The Law, Death, and Grace in Medieval Poetry: " Sir Gawain and the Green Night "

It’s not easy being green; if you happen to be a knight, being green may cost your head. Being a green knight carries a big responsibility. Some may even say that in your ever-green garments you’re a representation of no less than Christ himself. As a type of Christ, the Green Knight in Sir Gawain and the Green Knight attempts to teach King Arthur and his Round Table a lesson in grace, but is misunderstood and thought of as an evil green giant (and anything but jolly).
As an acclaimed achievement of ancient alliterative adventure, this romance reeks of both mores and morality, all in the guise of a game.
At Christmastime in Camelot, the gallant King Arthur and his followers celebrate the season, placing a premium on appearances. Knights must appear more noble, maidens must appear more fair, and Arthur himself seeks to appear so interested in sport and adventure that he refuses to eat dinner unless told some marvelous tale. But this showboating is not left long without an answer when a mysterious Knight offers the entertainment Arthur seeks. The knight is looking for someone to answer his challenge. Whoever agrees to play this game will be given a beautiful battle-axe. He is to strike a blow with the axe on the Green Knight’s bare neck, but he will do so under a covenant where the Green Knight is to return the blow in one year and one day.
The call is answered by Sir Gawain, and when he journeys to meet the Green Knight in response to their covenant a year later, he is met with another series of games by a seemingly uninvolved Bertilak de Hautdesert. Sir Gawain plays these games with strict attention to the law, but just as man cannot fully follow the law of God, Sir Gawain’s human nature causes him to fall short in adherence to his covenants with Bertilak.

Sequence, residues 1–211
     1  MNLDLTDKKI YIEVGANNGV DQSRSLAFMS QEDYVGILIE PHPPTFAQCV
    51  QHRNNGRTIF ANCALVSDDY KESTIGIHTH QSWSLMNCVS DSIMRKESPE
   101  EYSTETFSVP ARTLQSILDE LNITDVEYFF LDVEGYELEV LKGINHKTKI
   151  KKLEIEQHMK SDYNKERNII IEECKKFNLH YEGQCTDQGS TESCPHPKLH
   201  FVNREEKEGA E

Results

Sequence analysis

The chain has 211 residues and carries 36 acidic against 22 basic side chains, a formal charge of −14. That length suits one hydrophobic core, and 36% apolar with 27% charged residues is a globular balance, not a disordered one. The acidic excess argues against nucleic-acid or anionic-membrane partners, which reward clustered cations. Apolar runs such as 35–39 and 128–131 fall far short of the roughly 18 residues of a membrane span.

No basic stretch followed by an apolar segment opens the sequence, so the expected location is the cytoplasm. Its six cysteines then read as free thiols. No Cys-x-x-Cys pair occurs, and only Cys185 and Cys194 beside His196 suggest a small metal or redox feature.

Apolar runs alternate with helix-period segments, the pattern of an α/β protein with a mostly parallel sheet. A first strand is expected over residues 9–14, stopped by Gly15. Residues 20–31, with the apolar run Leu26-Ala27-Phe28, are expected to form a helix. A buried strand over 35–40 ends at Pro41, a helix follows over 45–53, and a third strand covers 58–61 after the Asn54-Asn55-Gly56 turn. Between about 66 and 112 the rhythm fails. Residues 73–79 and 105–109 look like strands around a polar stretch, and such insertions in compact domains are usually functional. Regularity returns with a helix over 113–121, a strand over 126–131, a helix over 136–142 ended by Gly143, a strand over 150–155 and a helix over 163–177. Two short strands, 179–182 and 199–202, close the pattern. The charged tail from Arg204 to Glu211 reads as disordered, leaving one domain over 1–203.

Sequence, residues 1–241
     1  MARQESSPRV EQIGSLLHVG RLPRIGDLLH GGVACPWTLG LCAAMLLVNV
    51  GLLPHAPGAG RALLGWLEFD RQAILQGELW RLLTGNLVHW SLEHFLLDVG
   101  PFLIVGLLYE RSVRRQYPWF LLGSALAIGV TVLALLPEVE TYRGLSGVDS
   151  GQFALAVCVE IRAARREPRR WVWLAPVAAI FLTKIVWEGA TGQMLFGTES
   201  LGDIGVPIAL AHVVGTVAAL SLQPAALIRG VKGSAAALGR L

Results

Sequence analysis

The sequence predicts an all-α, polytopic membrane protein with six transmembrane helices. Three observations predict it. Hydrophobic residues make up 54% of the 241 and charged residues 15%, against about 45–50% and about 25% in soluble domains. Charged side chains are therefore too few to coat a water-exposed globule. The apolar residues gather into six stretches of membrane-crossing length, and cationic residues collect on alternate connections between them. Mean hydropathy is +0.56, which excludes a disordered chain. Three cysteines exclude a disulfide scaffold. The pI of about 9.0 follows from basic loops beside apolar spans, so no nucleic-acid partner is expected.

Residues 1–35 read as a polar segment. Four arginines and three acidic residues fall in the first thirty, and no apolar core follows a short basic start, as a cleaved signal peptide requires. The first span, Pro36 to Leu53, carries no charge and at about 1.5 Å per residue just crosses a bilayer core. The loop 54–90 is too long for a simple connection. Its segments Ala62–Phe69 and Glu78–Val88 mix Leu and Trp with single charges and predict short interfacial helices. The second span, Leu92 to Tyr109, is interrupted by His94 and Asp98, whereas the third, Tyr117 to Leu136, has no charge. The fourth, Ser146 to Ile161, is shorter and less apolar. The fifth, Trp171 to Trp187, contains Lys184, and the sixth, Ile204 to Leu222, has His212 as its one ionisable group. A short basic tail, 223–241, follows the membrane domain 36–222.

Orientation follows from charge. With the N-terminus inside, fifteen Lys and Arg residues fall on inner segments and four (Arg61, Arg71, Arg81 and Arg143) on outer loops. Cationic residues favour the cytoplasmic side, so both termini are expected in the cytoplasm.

At his dreaded rendezvous with the Green Knight, he receives an unexpected gift of grace and is not dealt the death he bargained for. The Green Knight merely nicks Gawain in the neck with his axe, revealing his identity as Bertilak and offering Sir Gawain a grace aside from works. Gawain, however, cannot fully accept the Green Knight’s grace, and chooses to legalistically wear a green girdle the rest of his days as a reminder of his failure to fulfill the law of the covenant. As a matter of fact, the entire appearance-oriented Round Table decides to wear green girdles to share in Sir Gawain’s shame; the idea of grace seems to allude them.
Spring is a time of green and of new life, and green in the winter offers a paradox. The knight’s green habiliments might represent the eternal life of Christ, much as the Christmas tree was later used. so the Green Knight may be viewed as a type of Christ, offering eternal life in the midst of the barrenness of winter. The games and covenants are reminiscent of the Bible’s Old Testament covenants with God, but grace comes along to abolish that law and the death man deserves in breaking it.
But the same way man has difficulty understanding God’s gift of grace and thereby returns to the law, Sir Gawain and the knights of the Round Table return to the security found in their law of appearances and covenants.

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